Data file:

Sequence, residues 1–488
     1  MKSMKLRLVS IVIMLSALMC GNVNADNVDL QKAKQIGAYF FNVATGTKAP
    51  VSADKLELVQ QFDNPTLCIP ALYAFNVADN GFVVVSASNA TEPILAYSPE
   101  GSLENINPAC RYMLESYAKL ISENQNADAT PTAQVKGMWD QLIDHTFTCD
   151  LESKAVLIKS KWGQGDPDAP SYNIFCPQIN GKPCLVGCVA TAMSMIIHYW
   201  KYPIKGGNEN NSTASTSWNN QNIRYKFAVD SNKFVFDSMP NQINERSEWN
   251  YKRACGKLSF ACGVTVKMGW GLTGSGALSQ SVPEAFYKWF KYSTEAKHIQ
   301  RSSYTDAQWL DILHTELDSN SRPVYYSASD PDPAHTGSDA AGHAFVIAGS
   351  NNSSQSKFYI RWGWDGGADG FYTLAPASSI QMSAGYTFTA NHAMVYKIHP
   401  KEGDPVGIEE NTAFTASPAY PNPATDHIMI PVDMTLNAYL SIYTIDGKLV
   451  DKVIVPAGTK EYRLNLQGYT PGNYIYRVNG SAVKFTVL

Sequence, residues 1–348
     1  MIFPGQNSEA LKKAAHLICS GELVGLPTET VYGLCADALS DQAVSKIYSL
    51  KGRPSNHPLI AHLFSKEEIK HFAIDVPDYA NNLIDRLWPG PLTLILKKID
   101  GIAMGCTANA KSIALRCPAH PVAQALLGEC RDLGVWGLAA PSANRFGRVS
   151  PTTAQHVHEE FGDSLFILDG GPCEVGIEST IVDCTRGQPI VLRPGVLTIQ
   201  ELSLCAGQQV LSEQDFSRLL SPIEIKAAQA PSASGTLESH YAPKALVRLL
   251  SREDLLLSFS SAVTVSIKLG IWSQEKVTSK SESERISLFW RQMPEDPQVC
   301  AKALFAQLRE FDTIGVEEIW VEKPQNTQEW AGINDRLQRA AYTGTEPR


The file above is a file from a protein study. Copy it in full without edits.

Sequence, residues 1–488
     1  MKSMKLRLVS IVIMLSALMC GNVNADNVDL QKAKQIGAYF FNVATGTKAP
    51  VSADKLELVQ QFDNPTLCIP ALYAFNVADN GFVVVSASNA TEPILAYSPE
   101  GSLENINPAC RYMLESYAKL ISENQNADAT PTAQVKGMWD QLIDHTFTCD
   151  LESKAVLIKS KWGQGDPDAP SYNIFCPQIN GKPCLVGCVA TAMSMIIHYW
   201  KYPIKGGNEN NSTASTSWNN QNIRYKFAVD SNKFVFDSMP NQINERSEWN
   251  YKRACGKLSF ACGVTVKMGW GLTGSGALSQ SVPEAFYKWF KYSTEAKHIQ
   301  RSSYTDAQWL DILHTELDSN SRPVYYSASD PDPAHTGSDA AGHAFVIAGS
   351  NNSSQSKFYI RWGWDGGADG FYTLAPASSI QMSAGYTFTA NHAMVYKIHP
   401  KEGDPVGIEE NTAFTASPAY PNPATDHIMI PVDMTLNAYL SIYTIDGKLV
   451  DKVIVPAGTK EYRLNLQGYT PGNYIYRVNG SAVKFTVL

Sequence, residues 1–348
     1  MIFPGQNSEA LKKAAHLICS GELVGLPTET VYGLCADALS DQAVSKIYSL
    51  KGRPSNHPLI AHLFSKEEIK HFAIDVPDYA NNLIDRLWPG PLTLILKKID
   101  GIAMGCTANA KSIALRCPAH PVAQALLGEC RDLGVWGLAA PSANRFGRVS
   151  PTTAQHVHEE FGDSLFILDG GPCEVGIEST IVDCTRGQPI VLRPGVLTIQ
   201  ELSLCAGQQV LSEQDFSRLL SPIEIKAAQA PSASGTLESH YAPKALVRLL
   251  SREDLLLSFS SAVTVSIKLG IWSQEKVTSK SESERISLFW RQMPEDPQVC
   301  AKALFAQLRE FDTIGVEEIW VEKPQNTQEW AGINDRLQRA AYTGTEPR